And the list goes on. There are the nightingale myths going back to the story of Philomele in Ovid's Metamorphoses, the invocations of that myth in Titus Andronicus, then The Waste Land. The French children's song "Alouette" is about plucking a lark. By anthimeria, the lark has become the very act of reveling in insouciant spontaneity. That most ornithophilic of composers, Olivier Messiaen, wrote both larks and nightingales into his piano pieces in the "Catalogue d'oiseaux," (Catalogue of Birds), and rhapsodized about the nightingale, or rossignol, in his Traité de rythme, de couleur, et de l'ornithologie:
It is superior to all by the quality and power of its voice, by the beauty of its timbre, by its virtuosity, and especially by the marvelous art with which it moves from one tempo to another, from one nuance to another, from one attack to another, opposing or intermingling with an indomitable ease: the slow in the fast, the pianissimo in the fortissimo, the staccato in the legato
Still, it's hard not to wonder exactly what it is like to simply hear one of these birds on its own, without the cultural associations surrounding them. Would we bother to pay attention if the birds didn't have names, if no one had told us to listen before? Or would they just blend with all the others?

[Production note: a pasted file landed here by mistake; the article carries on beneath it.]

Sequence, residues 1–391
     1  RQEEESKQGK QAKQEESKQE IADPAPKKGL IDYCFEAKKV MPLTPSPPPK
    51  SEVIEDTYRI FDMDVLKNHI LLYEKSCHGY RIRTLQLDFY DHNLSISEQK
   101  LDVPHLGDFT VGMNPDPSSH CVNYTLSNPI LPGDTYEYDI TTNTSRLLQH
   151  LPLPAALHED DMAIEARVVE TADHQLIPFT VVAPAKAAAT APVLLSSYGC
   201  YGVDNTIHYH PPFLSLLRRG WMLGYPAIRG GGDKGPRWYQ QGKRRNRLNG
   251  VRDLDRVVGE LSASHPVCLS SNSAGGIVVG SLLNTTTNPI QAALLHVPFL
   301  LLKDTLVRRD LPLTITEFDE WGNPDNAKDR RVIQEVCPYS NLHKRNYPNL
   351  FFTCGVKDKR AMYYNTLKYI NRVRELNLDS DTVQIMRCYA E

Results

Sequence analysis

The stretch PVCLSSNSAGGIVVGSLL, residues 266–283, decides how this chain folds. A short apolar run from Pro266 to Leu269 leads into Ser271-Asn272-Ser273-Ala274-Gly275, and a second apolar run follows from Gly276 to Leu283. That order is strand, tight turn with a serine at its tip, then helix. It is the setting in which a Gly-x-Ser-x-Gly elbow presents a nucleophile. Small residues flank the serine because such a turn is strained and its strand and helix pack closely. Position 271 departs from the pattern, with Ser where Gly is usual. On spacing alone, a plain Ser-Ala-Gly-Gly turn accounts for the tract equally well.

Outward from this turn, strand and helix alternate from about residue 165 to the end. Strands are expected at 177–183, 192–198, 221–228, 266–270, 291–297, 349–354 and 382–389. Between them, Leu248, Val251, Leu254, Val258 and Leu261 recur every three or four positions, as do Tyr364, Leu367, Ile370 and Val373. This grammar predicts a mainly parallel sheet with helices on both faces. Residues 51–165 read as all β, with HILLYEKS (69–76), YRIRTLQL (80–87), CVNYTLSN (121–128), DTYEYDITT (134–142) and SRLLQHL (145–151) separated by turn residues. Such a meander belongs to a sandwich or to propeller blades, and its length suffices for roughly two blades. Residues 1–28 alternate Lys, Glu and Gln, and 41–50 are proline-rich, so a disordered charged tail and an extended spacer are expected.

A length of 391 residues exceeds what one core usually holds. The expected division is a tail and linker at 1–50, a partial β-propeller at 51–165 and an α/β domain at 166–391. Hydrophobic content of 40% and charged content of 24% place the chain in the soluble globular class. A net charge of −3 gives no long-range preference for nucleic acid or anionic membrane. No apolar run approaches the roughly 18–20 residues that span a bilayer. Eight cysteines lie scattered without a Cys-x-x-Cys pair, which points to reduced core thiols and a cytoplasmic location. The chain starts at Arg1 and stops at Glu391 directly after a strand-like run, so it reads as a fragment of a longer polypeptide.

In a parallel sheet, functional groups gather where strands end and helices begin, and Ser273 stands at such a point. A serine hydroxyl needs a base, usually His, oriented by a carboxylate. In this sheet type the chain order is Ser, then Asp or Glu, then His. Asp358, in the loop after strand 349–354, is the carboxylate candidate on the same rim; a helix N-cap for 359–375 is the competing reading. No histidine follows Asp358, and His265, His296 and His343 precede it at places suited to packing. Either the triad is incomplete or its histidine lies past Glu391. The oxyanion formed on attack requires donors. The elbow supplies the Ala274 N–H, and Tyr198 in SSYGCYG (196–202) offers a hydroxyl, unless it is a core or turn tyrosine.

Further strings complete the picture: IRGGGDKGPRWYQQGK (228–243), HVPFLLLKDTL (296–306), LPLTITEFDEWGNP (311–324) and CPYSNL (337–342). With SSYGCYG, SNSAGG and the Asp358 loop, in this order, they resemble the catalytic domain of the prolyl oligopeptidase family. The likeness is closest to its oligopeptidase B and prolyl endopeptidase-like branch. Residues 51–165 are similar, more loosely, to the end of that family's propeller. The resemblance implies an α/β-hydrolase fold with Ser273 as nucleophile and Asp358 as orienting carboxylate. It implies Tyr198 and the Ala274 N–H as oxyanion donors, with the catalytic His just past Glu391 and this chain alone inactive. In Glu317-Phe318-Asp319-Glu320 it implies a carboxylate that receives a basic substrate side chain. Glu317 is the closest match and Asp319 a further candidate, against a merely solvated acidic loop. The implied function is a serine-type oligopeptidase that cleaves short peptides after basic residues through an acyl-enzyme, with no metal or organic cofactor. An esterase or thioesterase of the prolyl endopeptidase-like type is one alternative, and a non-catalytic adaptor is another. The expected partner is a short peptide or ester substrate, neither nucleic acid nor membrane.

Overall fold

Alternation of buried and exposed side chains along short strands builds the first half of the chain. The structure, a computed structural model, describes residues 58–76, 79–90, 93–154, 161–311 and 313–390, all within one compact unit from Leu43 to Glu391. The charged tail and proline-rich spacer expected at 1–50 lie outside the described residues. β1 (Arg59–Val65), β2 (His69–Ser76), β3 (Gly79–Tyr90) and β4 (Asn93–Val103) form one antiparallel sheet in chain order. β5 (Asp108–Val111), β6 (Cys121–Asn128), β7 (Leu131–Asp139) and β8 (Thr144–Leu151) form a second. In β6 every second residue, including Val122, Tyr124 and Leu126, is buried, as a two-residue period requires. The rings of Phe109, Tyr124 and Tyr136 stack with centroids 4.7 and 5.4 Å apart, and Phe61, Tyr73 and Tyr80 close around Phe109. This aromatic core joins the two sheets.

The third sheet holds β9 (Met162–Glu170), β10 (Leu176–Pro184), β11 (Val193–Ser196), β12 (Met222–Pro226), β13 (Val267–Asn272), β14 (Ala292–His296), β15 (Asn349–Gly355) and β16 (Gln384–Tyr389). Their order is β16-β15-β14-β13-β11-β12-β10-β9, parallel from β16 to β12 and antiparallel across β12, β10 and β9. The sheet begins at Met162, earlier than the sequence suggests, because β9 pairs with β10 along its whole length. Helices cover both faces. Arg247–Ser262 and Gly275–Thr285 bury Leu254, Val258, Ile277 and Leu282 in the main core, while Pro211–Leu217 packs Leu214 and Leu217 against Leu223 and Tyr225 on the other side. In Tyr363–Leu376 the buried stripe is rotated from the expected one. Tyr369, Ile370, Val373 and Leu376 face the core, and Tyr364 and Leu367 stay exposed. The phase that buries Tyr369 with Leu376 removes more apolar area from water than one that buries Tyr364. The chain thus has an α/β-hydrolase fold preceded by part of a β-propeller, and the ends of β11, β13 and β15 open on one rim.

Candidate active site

And I didn't even get to mention the blackbird, or the wren, or the swan...

Friday, February 15, 2013

Fats Waller, “Ain't Misbehavin'"



As seen, among other places, in the movie Stormy Weather, an early 1940s movie musical now somewhat forgotten at large—though not by jazz or film historians, or the Library of Congress—in no small part probably due to its sometimes uncomfortable proximity to minstrelsy and stereotyping. But it deserves to be saved just for these four minutes: the elastic contortions of Fats Waller's garishly expressive eyeballs, the smile that stretches on forever, and the casual knowledge of the piano—the huge stride piano bass jumps tossed off without even looking. (They say that Horowitz wept when he heard met Art Tatum.)

Eudora Welty wrote the much-anthologized short story "Powerhouse" after seeing Waller play, as she said in her Paris Review interview: